Facing Domestic Violence

Katy Powers

At the Grammy Awards in early February, some of the most influential and popular musicians in the industry performed and were recognized for their achievements. Despite the seemingly perfect celebration of the musical art form, a young and prominent couple was conspicuously missing from the ceremony.

Rumors quickly circulated about a physical altercation between 19-year-old R&B singer Chris Brown and his pop star girlfriend, the now-21-year-old Rihanna. Their exposure in the media has revealed the often silent issue of domestic violence as a more realistic and tangible problem in today’s society.

What is Domestic Violence?

Domestic violence includes any willful intimidation, physical assault, battery, sexual assault or abusive behavior between those in an intimate relationship or family. It involves one person trying to dominate the other, either physically or psychologically, according to the National Coalition Against Domestic Violence.

Physical violence occurs when one uses physical force such as hitting, kicking, biting, slapping, strangling or using a weapon to cause injury or even death in a victim. While it is the most obvious danger of domestic violence, it is not the only one.

Non-Physical Abuse

Though cuts and bruises clearly show the marks of physical battery, emotional abuse is still domestic violence and can cause a victim significant psychological distress. The perpetrator creates such a relationship by acting in ways to maintain power and control. According to the Rape, Abuse & Incest National Network, behavior can come in the form of intimidation, threats to either harm the victim or commit suicide, control over what the victim is allowed to do, mind games and verbal insults. However, emotional manipulation may escalate to more physical abuse.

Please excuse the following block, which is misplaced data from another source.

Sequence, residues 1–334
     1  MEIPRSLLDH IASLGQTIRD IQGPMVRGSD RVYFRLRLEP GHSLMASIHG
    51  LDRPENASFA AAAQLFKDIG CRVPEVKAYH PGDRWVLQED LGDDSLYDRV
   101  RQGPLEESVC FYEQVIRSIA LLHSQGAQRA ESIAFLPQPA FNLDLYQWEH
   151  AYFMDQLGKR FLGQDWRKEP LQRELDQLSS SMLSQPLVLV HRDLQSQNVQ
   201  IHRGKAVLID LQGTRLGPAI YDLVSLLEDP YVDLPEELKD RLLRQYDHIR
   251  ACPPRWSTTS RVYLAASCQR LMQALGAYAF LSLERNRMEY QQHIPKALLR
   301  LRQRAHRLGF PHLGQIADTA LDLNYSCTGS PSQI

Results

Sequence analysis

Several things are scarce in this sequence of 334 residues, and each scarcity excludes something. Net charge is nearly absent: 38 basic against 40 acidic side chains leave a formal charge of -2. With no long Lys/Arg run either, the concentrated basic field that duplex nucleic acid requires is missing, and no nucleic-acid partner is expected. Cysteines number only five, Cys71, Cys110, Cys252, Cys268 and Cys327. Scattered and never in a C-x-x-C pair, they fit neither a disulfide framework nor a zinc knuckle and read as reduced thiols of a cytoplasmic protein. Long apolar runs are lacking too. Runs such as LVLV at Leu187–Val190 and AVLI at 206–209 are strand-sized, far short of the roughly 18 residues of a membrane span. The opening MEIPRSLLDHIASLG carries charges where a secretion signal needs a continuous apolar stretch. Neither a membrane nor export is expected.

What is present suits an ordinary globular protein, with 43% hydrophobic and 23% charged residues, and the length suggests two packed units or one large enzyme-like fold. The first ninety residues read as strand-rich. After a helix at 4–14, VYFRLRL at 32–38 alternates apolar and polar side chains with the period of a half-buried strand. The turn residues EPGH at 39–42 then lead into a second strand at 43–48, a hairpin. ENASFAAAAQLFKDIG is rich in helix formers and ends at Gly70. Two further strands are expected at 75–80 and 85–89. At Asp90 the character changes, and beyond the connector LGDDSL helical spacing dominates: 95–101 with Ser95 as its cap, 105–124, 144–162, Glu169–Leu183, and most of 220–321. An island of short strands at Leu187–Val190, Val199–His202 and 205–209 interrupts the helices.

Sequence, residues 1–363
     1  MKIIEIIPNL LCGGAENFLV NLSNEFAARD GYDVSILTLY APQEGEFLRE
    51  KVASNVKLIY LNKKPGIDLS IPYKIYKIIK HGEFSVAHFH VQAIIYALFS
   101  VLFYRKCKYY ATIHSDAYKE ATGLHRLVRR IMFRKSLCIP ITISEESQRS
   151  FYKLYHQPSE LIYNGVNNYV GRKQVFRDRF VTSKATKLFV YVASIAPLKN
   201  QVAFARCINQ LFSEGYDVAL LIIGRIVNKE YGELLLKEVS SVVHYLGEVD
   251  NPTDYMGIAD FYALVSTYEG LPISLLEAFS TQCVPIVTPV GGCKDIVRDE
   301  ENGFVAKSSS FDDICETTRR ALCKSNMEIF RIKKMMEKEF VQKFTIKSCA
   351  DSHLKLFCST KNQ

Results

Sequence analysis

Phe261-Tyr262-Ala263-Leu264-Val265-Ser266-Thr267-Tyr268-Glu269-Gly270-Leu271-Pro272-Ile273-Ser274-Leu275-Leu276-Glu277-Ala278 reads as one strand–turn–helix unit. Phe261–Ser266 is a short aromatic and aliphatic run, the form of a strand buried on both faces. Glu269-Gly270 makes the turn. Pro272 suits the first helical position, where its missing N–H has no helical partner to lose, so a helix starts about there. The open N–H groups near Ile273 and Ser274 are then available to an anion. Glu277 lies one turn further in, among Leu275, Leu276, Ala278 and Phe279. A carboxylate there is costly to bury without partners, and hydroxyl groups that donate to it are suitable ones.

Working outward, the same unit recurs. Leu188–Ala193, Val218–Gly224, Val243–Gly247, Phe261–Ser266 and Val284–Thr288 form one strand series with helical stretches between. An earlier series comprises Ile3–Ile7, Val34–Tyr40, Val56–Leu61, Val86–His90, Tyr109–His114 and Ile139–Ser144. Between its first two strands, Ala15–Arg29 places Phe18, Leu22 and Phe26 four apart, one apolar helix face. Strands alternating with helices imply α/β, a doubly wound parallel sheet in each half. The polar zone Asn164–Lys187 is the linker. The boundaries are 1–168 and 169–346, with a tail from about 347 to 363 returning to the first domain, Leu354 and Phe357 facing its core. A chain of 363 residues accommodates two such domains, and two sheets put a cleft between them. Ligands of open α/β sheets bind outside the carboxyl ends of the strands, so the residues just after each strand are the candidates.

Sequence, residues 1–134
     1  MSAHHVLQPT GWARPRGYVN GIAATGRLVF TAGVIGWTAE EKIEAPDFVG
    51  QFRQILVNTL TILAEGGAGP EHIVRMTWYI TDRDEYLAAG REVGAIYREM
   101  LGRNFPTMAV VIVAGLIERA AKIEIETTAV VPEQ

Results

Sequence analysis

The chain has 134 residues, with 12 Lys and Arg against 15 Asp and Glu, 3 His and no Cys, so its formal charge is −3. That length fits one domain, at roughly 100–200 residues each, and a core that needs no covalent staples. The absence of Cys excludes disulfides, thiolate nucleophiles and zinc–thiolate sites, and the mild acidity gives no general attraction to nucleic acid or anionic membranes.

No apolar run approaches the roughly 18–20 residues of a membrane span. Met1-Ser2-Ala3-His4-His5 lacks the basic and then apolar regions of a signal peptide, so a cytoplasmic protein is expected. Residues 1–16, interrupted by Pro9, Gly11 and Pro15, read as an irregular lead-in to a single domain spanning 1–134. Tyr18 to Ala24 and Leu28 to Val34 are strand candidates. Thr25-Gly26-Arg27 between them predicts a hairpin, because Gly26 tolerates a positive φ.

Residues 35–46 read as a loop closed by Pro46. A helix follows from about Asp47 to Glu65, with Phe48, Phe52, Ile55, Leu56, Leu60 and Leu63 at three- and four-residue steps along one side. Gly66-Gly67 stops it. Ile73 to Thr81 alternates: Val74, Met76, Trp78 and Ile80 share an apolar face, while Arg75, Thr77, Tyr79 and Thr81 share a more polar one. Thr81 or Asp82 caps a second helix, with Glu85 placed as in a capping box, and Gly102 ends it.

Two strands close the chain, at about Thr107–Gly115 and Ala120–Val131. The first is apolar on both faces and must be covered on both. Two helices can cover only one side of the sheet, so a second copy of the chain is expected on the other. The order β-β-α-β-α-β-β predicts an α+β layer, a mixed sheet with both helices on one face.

Healthy Relationships

No one should feel that their physical safety is at risk in a relationship or have the mindset that one deserves the cruel treatment. Several elements should be present in a healthy relationship, according to the Office of Health Promotion. First, both partners should have a mutual respect for one another. This means valuing and treating the other as individuals who have free will. Secondly, one should be able to trust the other person. A lack of trust can make one feel suspicious of the other person and, therefore, create a need to control him or her. Lastly, open communication between both parties is necessary for an honest and balanced relationship.

How to Get Help

Victims should not feel completely helpless if caught in an abusive relationship. The University Counseling Center, located in the Health Services Building, is a resource students can use for individual counseling with a professional for a number of personal issues, including harmful relationships, free of charge. The National Domestic Violence Hotline is also available 24 hours a day, all year round to provide crisis intervention and referrals to state agencies.